Otherwise, I’ve never taken him to a larger conference and we are both not ready to do that. I think that it would be too much for him (he is only 8, after all!). I’m a mum before anything else, and I’d be fully involved looking after him than I would in doing community work or helping people with SQL Server or BI questions. When he is older and might benefit from the experience, such as doing computing science at secondary school, then I might be more inclined to take him so that he can be inspired by meeting some of the brightest minds in tech at sql server conferences, for example.

Normally I try to keep my family life separate from my professional and community life, but Tim’s blog celebrated family and technology, and inspired me to write a little so I’ve shared a few thoughts here. My experiences and opinions will be different from other people’s, but I had hoped that these thoughts might help someone somewhere.


PASSWiT: Women in Technology Panel roundup of commentary

Panel Discussion: “Beyond Stereotypes: Equality, Gender Neutrality, and Valuing Team Diversity”
What was the Panel discussion topic? 

Are there times when you feel the “odd one out” on your team? Do you have to make an effort to fit in? Often, even when there isn’t blatant sexism, racism or other discrimination in play, there can still be a lot of peer pressure to conform to the group and consequences if you don’t. Join us as our panel discusses some central questions around promoting equality and respect in the workplace. We’ll discuss hard topics like how to establish, build, and grow relationships with co-workers in a diverse setting, how to deal with situations where you – or a colleague – suffer from social exclusion, and how to arrange social events that are inclusive and promote teamwork in a professional setting.  And we’ll share ideas on what we can do to enhance each individual’s contributions and build stronger, more effective teams.


Erin Stellato
Rob Farley
Cindy Gross
Kevin Kline
Gail Shaw

Sometimes we all feel excluded for some reason, for example, their sexual orientation, or perhaps because of their religion or ethnic background.

There are different perspectives: Gail Shaw remains herself, true to wherever she may be. Yay to Gail for not being a social chameleon, but being herself. A good ‘herself’ to be!

Rob Farley commented about religious backgrounds, and how this can impact your ability for other people to allow you to fit in. As a committed Christian, he can see this occurring from time to time.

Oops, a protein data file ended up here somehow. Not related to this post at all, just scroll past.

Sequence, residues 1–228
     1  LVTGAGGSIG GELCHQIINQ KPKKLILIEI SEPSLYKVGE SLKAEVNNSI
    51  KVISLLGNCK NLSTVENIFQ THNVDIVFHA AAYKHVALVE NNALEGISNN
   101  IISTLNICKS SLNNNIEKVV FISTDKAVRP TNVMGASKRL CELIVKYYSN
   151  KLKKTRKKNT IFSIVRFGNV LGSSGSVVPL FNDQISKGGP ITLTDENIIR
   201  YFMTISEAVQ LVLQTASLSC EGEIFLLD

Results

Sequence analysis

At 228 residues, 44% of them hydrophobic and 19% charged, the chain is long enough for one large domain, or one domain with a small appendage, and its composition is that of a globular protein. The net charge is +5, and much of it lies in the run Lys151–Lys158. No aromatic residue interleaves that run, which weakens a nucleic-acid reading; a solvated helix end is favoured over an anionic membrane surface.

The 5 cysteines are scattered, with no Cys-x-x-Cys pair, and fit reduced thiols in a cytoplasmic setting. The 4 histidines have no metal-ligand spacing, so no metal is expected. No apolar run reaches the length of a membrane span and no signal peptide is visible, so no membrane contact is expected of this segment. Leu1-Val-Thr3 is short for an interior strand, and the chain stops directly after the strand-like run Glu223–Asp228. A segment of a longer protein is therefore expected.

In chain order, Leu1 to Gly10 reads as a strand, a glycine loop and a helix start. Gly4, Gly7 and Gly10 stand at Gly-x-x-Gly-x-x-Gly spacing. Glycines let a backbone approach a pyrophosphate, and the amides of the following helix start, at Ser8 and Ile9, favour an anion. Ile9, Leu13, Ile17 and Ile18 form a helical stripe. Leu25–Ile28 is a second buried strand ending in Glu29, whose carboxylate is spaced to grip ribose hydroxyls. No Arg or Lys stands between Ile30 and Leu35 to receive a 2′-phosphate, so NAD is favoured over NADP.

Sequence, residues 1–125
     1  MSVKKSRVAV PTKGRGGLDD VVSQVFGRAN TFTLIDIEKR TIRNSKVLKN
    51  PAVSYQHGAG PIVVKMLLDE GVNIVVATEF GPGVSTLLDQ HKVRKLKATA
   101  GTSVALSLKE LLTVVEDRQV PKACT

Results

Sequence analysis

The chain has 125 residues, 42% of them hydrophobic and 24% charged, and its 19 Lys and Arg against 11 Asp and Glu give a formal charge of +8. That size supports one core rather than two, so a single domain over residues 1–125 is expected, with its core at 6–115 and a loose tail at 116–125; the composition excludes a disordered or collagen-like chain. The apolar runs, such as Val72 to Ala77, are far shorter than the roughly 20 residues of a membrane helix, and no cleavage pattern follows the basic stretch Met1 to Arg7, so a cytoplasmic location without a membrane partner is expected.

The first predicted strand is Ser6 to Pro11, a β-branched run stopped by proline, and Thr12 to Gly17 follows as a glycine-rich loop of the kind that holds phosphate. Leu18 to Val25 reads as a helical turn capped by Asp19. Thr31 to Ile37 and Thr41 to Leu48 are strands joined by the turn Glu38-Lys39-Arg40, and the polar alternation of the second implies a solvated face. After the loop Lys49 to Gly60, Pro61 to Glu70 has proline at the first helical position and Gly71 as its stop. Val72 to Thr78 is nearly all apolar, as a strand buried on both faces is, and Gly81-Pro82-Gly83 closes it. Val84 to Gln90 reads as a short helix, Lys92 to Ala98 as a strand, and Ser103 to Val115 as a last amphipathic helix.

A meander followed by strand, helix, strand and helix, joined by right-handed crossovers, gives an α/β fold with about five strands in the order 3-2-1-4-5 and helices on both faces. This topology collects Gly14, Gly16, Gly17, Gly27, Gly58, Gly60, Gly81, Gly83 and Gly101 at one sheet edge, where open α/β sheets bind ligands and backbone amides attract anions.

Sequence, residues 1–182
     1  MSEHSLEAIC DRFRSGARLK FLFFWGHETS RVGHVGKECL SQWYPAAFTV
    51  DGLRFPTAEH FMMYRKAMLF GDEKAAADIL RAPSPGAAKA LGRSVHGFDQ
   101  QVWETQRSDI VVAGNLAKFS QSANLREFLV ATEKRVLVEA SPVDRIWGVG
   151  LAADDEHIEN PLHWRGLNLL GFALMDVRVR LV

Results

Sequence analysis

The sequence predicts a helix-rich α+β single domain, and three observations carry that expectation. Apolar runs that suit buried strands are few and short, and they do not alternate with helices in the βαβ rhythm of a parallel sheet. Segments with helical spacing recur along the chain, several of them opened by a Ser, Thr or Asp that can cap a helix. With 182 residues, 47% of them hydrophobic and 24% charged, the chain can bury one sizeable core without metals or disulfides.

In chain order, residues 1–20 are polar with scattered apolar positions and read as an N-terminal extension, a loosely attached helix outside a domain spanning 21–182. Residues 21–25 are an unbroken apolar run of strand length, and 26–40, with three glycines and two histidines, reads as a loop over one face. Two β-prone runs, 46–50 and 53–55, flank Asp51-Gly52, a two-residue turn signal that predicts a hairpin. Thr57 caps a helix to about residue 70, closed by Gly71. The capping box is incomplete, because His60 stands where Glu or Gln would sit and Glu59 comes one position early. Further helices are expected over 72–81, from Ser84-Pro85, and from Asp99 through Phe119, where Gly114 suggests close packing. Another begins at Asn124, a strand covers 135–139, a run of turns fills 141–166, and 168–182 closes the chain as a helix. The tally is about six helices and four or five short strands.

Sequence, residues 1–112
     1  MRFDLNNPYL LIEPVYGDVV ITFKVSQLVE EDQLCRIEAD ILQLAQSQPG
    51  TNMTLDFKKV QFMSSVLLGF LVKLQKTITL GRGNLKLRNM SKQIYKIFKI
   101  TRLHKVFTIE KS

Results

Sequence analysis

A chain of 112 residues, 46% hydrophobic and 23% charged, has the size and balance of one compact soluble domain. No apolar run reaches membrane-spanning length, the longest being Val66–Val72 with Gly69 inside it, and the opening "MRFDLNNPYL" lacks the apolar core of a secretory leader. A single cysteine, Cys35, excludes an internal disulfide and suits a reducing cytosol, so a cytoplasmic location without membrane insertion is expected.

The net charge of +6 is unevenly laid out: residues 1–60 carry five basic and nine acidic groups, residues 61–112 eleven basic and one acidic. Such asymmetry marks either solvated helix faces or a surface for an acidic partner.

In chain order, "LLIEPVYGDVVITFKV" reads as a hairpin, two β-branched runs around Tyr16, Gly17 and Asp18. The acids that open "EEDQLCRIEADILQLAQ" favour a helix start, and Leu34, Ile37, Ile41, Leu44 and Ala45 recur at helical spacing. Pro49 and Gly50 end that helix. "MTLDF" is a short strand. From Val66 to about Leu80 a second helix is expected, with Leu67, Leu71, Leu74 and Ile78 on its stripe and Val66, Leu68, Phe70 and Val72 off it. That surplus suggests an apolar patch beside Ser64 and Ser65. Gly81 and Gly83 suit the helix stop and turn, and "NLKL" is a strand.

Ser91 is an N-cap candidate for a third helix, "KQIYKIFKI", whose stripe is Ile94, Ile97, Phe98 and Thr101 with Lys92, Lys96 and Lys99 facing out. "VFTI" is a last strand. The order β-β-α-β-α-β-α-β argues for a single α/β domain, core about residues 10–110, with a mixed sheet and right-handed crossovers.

Cindy Gross commented sometimes it is hard to work out if people are treating you differently if you have a particular background, or if there is another reason for that.

The distinction between extroverts and introverts in how people think and how they respond to you. interesting commentary by Kevin Kline Note that people may not have a big circle of friends around them in order to share their thoughts or try to work out whether a situation is about them or not.

How do you deal with a situation where you or another person suffers social exclusion?

Rob Farley: by staying silent in these situations, then you can drop in others’ estimation. You have to make a judgement call about whether someone has crossed the line or not. If you see someone suffering social exclusion, don’t stay silent. Sometimes people need help in understanding where they cross your line. Everyone has a different ‘line’ to cross. It is important to read body language. There is a fine line between being funny and crossing the line. Be a champion for others.

Kevin Kline: find a backup if you think that someone is crossing the line. It is easier to discuss values with a group backup.

Gail Shaw: If you people you call friends that are pushing you to change, they are probably not your friend. Don’t let others push you to being something you are not. Words of wisdom. 
Burn those bridges if you have to, for your own sake.

Erin Stellato: You can lead without being the leader. Find that commonalilty and build that relationship. Relationships take time. It’s ok to identify the differences but find the common thread. 

To summarise, the panel all gave out some great wisdom in how to deal with diverse teams in the workplace, and also in volunteer settings as well. This can make teams more efficient and work better together in terms of work-life balance, quality of delivery, and can even help businesses be more productive.